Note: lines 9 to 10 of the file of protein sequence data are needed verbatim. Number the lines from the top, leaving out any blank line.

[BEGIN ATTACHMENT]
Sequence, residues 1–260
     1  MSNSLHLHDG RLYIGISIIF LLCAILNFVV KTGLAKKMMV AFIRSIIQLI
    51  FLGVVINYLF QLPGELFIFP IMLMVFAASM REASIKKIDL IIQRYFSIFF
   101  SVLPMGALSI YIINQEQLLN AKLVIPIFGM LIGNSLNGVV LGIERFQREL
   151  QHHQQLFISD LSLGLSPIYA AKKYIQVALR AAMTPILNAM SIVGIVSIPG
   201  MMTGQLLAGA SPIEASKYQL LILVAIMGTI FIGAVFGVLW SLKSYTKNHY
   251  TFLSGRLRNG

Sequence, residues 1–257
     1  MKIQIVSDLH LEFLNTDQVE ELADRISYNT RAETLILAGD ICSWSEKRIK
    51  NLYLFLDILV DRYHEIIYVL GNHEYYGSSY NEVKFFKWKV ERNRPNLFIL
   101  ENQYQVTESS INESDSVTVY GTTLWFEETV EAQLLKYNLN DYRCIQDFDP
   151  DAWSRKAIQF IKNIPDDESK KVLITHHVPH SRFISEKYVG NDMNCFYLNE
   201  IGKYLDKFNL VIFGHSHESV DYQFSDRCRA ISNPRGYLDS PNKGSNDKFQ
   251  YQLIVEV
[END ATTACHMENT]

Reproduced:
     1  MKIQIVSDLH LEFLNTDQVE ELADRISYNT RAETLILAGD ICSWSEKRIK
    51  NLYLFLDILV DRYHEIIYVL GNHEYYGSSY NEVKFFKWKV ERNRPNLFIL